Eleanor Trujillo, Two Grey Hill Rug, Navajo Handwoven, 31 in x 60 in

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Eleanor Trujillo, Two Grey Hill Rug, Navajo Handwoven, 31 in x 60 in
Eleanor Trujillo, Two Grey Hill Rug, Navajo Handwoven, 31 in x 60 in
Eleanor Trujillo, Two Grey Hill Rug, Navajo Handwoven, 31 in x 60 in
AgeCirca 2010's
ArtistTrujillio, Eleanor
Bracelet Gapn/a
Widest Point on Bracelet Bandn/a
General Height31
Setting Typeinvisible
One of a KindTRUE
Rug Dye TypeAniline Dye (commercial wool)
Rug HandspunNo
Rug MaterialWool
Rug Navajo PatternTwo Grey Hills
Rug Patterngeometric-pattern
Rug Size2-footx3-foot
Rug Time PeriodModern (Post 1950)
Rug Warp7
Rug Weft34
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Two Grey Hills/Toadlena

Two Grey Hills/Toadlena style textiles are known for their exceptionally tight weave, handspun natural wool and distinctive coloring in subtle shades of tan, grey, cream and brown. These defining features, combined with elaborate layouts of single or double diamonds, complex storm patterns, geometric elements and intricate borders, make them unique.

In the early 1900s the Two Grey Hills/Toadlena style emerged on the eastern side of the Chuska range, borrowing heavily from the Oriental rug patterns of Crystal trader JB Moore. After 1910, however, with the support of trader Ed Davies at Two Grey Hills and George Bloomfield at Toadlena, area weavers developed a regional style distinctly their own.

Over the past century Two Grey Hills and Toadlena Trading Posts have showcased numerous master weavers such as Daisy Taugelchee, Bessie Manygoats and Clara Sherman. Today, equally talented artists continue in the tradition of their mothers and grandmothers, creating exceptional works of beauty with technical expertise.


Navajo Weaving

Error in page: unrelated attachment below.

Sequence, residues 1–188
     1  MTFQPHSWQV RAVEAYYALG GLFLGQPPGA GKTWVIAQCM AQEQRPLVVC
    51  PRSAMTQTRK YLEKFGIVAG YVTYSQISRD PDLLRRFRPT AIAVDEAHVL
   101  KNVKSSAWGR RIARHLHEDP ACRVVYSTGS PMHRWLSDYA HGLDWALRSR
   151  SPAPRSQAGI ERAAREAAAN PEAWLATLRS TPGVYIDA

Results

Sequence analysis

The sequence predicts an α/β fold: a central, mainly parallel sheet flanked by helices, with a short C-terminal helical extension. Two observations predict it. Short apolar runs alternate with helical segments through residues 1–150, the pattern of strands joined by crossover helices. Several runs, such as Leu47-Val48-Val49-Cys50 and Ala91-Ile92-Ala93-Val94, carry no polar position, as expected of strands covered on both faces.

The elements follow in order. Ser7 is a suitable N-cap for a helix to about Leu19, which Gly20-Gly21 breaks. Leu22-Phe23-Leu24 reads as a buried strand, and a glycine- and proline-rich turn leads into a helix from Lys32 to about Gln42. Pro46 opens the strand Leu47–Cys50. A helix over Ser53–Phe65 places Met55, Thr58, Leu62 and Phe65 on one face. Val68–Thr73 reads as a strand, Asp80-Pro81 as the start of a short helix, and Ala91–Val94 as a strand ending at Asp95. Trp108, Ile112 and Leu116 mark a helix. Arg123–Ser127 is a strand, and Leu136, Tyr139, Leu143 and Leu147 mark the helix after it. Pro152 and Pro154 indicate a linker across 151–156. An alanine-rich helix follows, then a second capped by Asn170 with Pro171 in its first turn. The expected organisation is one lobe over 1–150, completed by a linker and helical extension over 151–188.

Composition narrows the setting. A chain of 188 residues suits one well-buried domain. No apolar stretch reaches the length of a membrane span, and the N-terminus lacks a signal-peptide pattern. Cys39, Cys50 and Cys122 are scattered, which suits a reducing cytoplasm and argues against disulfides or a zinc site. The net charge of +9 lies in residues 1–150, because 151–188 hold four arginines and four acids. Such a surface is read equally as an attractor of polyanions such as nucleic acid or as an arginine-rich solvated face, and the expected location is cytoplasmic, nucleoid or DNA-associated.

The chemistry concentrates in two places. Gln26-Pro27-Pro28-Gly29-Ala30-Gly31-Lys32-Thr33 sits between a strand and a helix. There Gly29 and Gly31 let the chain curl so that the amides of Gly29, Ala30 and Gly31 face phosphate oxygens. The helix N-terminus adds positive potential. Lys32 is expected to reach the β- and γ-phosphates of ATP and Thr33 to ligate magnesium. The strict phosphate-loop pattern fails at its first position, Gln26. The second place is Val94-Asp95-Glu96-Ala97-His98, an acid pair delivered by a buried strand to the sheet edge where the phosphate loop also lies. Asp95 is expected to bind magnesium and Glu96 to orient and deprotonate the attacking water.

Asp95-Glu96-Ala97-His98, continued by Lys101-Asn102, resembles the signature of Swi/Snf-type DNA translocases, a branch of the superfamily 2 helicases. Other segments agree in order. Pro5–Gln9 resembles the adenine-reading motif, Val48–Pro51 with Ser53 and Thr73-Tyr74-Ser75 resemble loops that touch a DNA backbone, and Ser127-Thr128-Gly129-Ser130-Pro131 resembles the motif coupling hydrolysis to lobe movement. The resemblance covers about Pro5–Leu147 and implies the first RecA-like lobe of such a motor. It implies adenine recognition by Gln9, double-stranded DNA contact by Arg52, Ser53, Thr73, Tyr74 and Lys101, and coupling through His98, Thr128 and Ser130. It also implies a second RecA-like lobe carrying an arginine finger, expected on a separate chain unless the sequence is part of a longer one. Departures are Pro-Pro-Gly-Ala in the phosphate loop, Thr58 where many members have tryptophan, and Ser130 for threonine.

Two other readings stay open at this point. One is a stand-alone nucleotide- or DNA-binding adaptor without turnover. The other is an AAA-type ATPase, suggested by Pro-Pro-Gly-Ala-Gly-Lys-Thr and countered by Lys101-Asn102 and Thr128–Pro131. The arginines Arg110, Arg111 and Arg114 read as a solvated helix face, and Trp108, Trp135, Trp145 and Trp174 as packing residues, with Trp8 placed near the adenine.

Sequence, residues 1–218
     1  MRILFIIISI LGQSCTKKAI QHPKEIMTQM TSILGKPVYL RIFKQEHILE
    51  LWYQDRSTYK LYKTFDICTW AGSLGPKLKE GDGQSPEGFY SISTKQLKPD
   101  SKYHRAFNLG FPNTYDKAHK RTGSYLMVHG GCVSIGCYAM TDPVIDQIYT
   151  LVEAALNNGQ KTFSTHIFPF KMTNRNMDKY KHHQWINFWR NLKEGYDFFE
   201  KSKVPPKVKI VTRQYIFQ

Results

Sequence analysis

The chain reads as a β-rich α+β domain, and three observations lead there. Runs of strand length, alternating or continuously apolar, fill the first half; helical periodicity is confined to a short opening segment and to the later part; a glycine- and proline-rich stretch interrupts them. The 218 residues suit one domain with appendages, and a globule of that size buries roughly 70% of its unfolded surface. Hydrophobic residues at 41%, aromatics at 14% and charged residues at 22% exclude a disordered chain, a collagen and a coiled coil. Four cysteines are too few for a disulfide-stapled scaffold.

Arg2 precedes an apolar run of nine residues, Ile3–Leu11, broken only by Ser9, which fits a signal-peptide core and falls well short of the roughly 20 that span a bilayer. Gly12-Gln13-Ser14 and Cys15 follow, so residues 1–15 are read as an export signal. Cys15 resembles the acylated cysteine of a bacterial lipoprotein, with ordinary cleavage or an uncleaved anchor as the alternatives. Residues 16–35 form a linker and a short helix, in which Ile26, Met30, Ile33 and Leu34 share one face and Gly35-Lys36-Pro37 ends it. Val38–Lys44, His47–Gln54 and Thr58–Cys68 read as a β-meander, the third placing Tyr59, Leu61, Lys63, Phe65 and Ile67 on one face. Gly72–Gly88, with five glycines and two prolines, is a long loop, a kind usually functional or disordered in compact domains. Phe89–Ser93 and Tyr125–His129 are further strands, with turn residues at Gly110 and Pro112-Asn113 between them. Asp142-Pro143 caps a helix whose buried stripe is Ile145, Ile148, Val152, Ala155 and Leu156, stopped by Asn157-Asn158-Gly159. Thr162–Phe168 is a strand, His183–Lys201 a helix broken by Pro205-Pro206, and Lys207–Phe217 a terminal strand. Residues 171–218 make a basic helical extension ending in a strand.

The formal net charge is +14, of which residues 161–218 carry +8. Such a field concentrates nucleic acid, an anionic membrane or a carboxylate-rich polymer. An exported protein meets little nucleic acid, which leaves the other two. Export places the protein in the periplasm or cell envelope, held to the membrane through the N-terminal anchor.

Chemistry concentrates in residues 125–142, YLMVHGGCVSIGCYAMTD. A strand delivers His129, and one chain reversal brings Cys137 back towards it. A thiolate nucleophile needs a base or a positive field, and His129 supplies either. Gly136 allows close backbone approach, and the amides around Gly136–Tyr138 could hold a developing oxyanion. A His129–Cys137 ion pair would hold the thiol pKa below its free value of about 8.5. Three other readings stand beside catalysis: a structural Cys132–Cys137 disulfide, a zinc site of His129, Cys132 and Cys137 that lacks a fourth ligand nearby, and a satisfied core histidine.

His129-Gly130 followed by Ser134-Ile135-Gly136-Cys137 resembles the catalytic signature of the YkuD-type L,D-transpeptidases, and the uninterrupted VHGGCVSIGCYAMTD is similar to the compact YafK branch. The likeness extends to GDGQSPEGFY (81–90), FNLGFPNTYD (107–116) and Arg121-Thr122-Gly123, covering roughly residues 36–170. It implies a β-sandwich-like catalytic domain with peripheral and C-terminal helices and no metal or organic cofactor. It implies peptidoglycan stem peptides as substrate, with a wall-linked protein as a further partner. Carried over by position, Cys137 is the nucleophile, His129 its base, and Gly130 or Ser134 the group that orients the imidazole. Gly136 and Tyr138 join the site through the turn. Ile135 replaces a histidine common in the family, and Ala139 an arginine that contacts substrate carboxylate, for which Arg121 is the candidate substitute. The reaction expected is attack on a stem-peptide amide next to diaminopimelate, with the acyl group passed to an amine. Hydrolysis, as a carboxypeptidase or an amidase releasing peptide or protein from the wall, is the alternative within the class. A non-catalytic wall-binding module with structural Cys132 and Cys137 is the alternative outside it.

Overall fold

The main Navajo weaving technique is classified as weft-faced tapestry. In this method discontinuous horizontal wefts go over and under vertical warps, completely concealing the warp threads.


Warp and weft are important because their coarseness or fineness, along with the skill of a weaver, determine the tightness of a weave. “Tightness” is what differentiates a loosely woven throw, a quality floor rug or museum tapestry. Tightness is defined by the number of weft threads per linear inch. The higher the weft counts, the tighter, finer and more expensive Navajo textiles will be.


You’ll find the lowest weft counts in coarsely woven Gallup Throws, approximately 12-16 threads per inch and the highest, 80-120, in superior Two Grey Hills/Toadlena weaves. The vast majority of Navajo textiles fall somewhere in between. These mid-range weavings have average counts of 30-60 wefts per inch. Textiles in this group are considered well woven, reasonably tight and ably crafted for long lasting wear and beauty.


To determine the weft count of a textile, place a ruler parallel to a vertical warp. With the aid of a magnifying glass count the number of weft threads in one inch. (Double that number to take into account the corresponding wefts on the back face.) Repeat this process in a number of areas since weft counts may vary with the different yarns in a pattern. Average the counts when you’re through. This gives you a good assessment of your piece.


Be aware that the tighter a weaver pounds down the wefts with her comb, and the finer her wool is spun, the higher the weft count will be. Keep in mind too, that the ratio between warp and weft is also important, with the finest textiles having both high warp and weft counts.